An Targaid ~ the Targe (round shield) by Joe Lindsay, The
From the 1500s until the Battle of Culloden in 1746, the Scottish
Highlander's main means of defence in battle was his targe.
This was a circular shield, ranging from 18" to 21" in diameter.
It was made by pegging together two very thin layers of wooden
boards, with their grains at right angles, and covering the front
face with tough cow-hide. This leather face was nailed to the
boards with up to a thousand brass ( or sometimes silver ) dome
headed nails in various patterns. Occasionally, brass plates would
also be nailed on for strength and decoration. Often the leather
would be embossed or scored in intricate "Celtic style"
About a quarter of the surviving targes show signs that they
would have had a removable spike screwed into the centre boss. This
would have converted the targe from defensive to offensive mode!
The spike could be unscrewed and kept in a leather sheath on the
back of the targe when not in use.
I am only aware of one spike, which I would say is genuinely
original. It is with a targe, dating from the 1640s , which
belonged to a Major James Stewart. This spike is of square section,
very thin and sharp, and about 12" long!
The backs of targes were usually covered in deerskin, or
similar, and some, ( in Inverary Castle ) have straw padding behind
this to cushion the blows.
Handles and arm-straps vary from metal drawer-type handles and
adjustable leather-belt arm-straps, to two simple straps of
leather. It can be seen that throughout the years, some targes have
had many replacement handles.
In 1745, William Lindsay, a wright from Perth made hundreds of
targes for Bonnie Prince Charlie's army. He charged five shillings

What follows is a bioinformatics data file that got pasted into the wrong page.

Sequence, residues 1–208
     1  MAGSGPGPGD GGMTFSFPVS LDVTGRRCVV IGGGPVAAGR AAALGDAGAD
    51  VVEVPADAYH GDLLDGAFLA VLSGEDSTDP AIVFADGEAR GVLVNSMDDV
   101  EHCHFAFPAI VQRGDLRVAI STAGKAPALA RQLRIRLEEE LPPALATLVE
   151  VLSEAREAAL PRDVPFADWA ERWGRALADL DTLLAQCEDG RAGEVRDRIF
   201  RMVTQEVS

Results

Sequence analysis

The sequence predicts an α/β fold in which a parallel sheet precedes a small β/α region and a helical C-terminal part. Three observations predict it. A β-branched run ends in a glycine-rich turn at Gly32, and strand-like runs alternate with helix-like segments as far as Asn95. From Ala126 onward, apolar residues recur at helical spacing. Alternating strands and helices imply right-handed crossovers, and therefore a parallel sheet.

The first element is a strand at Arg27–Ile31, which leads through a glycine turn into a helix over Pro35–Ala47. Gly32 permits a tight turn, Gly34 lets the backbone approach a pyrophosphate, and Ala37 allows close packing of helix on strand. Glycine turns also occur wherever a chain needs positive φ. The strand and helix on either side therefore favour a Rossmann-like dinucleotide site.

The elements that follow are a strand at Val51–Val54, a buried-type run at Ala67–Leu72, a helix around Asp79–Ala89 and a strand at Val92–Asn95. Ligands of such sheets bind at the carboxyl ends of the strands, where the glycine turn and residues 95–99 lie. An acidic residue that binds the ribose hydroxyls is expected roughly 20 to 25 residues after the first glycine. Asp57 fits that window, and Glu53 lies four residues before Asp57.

for an ordinary targe, and ten shillings for an officer's
Many people imagine that targes were made to "clan" designs, but
this is unlikely, although there were certainly some popular basic
patterns, The nearest I know to a " clan" design would be four
identical targes which came from the family armoury of Castle
Grant. They are now in the Museum of Scotland in Edinburgh.
Many of the targes which remain in museums and private
collections, are very intricate, and would have been preserved
because they had belonged to important persons. A few of the most
intricate have a special feature - a removable centre boss, which
is lined with deer horn, and can be used as a drinking cup !
In the early days, a well made targe would have offered good
protection from sword and bayonet thrusts, and maybe even the
occasional musket ball ! A full clan of Highlanders charging with
broadswords, targes and dirks would have been an awesome sight.
It is thought by some that the clansman would put his left hand
completely through the handle and grip his dirk in this hand in
order to use it on his foe. This is very unlikely as it would
render the targe virtually useless for defence. This
misunderstanding stems from a painting by David Morier, which he
painted shortly after Culloden. The painting contains various
doubtful details relating to the use of targes, and unfortunately
these have been copied down the years.
It is much more likely that the clansman would have simply held
his dirk and the targe handle both in his left hand, in order to
instantly access the dirk should he lose or break his sword.
By the time of the Battle of Culloden, targes were virtually
obsolete for the purpose of massed battles, as they were ranged
against cannon, and ranks of muskets, which by that time were
relatively powerful and accurate.
I show on this page, six reproduction targes from my range. Each
design is closely based on an actual existing original targe.
The GORDON targe which belonged to the Duke of Gordon, in 1715
when he was Marquis of Huntly, and raised his clan in the Jacobite
cause. Now in the Museum of Scotland in Edinburgh.
JOE LINDSAY, TARGEMAKER, NORTH KESSOCK, INVERNESS